With the EU referendum in sight, this month we focus on EU migrants currently living in the UK and the effect it may have on them, and their employers, in the event of Brexit.
There are currently around 2.34m EU migrants living in the UK. There has been no public announcement about what would happen to these individuals in the event of Brexit, but there are a few options for those who wish to consider protecting their position here before the swamp of applications which would surely arise in the event of a break.
- Apply for permanent residence. If an EU national has been living in the UK for at least five years, they may be eligible to apply for a ‘permanent right to reside’ as an EEA (European Economic Area) National. They must be able to show that they have been ‘exercising Treaty rights’ throughout the five year period by working, looking for work, being self employed, studying etc.
- Apply for British Citizenship. Once an EU national has held permanent residence for a period of 12 months, they can apply for British Citizenship. Most European countries allow dual citizenship, although the following countries do not; Estonia, Lithuania, Netherlands, Norway, and Slovakia.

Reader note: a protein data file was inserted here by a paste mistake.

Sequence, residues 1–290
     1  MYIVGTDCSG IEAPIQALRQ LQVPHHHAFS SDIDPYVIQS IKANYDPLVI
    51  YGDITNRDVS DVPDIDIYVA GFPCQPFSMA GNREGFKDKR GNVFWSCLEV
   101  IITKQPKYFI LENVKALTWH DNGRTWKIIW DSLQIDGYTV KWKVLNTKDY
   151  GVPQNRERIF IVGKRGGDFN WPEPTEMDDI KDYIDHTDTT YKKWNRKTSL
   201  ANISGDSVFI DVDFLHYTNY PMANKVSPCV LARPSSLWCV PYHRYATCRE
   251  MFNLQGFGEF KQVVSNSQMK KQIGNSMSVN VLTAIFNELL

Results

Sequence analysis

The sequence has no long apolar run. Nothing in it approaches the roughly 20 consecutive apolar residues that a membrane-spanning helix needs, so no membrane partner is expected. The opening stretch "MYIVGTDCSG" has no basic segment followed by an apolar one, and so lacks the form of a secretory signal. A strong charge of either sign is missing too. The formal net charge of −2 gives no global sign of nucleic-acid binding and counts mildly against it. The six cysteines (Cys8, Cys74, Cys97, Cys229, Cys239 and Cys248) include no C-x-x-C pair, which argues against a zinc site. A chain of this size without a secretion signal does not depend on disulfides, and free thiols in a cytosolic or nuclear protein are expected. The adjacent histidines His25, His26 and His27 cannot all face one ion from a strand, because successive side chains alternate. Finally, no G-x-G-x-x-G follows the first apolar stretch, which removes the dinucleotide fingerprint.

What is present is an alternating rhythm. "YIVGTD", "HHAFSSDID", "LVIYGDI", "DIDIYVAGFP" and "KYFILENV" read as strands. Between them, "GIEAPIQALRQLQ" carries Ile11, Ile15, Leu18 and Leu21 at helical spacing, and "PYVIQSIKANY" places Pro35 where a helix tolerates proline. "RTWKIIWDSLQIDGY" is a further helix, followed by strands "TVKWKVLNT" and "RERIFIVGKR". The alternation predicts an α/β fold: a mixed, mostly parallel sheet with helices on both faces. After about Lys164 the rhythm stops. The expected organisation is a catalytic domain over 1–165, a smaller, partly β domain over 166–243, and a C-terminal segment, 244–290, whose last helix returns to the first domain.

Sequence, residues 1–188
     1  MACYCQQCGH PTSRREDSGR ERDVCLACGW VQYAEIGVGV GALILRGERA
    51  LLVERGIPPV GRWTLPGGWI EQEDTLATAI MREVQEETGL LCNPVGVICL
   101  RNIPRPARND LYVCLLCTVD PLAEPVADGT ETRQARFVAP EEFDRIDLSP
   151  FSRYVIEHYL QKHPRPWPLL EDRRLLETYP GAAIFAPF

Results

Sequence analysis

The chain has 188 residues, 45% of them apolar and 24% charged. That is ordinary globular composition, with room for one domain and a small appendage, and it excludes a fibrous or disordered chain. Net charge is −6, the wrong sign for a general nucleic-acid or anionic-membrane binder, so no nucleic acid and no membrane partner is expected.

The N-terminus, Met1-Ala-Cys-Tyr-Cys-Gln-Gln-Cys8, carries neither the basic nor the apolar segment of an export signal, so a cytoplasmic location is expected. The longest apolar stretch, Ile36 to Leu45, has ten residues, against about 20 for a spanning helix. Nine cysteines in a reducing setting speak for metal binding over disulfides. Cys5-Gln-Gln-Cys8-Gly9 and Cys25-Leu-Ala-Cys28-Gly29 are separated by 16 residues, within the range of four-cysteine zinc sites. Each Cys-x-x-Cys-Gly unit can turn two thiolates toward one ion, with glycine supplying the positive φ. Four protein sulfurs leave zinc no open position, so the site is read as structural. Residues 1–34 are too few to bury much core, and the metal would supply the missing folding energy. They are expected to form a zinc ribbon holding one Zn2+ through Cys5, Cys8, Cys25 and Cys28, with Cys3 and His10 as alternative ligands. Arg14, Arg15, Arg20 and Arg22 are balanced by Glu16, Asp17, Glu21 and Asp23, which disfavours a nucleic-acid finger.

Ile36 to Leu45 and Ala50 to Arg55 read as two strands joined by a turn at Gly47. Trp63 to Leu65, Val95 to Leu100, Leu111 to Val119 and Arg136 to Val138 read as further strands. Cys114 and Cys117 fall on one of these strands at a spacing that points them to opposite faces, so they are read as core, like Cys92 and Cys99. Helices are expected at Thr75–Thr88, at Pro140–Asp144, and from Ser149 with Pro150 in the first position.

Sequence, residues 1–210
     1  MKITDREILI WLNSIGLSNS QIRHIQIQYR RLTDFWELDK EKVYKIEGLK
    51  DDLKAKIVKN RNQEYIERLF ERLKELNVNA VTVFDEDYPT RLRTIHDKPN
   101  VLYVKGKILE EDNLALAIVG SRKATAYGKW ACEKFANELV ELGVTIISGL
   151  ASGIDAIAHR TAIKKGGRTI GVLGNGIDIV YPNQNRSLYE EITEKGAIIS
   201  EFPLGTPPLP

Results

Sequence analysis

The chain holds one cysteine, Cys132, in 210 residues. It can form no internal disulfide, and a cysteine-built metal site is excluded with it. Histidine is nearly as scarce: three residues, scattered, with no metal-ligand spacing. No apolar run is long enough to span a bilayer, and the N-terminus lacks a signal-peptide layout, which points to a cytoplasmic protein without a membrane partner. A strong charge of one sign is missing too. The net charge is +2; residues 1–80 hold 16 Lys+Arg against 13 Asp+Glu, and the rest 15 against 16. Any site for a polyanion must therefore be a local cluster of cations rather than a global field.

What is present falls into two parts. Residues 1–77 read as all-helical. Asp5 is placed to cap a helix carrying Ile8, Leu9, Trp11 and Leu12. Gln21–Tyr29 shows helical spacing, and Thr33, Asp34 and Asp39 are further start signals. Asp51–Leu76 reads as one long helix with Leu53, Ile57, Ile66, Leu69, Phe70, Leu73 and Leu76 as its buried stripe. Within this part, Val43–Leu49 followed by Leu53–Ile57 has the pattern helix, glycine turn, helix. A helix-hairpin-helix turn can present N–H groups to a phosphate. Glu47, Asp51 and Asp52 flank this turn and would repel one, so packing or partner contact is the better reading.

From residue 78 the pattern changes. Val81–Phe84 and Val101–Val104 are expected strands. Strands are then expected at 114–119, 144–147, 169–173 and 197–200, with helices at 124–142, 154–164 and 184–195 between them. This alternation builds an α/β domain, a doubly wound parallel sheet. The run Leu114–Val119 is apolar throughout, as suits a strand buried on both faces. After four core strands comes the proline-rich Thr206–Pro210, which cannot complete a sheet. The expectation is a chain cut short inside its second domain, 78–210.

- Apply for Registration Cards as recognition of your right of residence. This would apply to EU nationals who have not lived in the UK for five years and would not therefore qualify for permanent residence to nonetheless demonstrate that they are resident in the UK.
In the past where immigration rules have rapidly changed there have been transitional provisions for those most immediately affected. We will continue to monitor the situation and will provide further news in the next updates.
For more information on any of the matters covered in this update, please contact Clare Hedges
or Janice Leggett
in our immigration team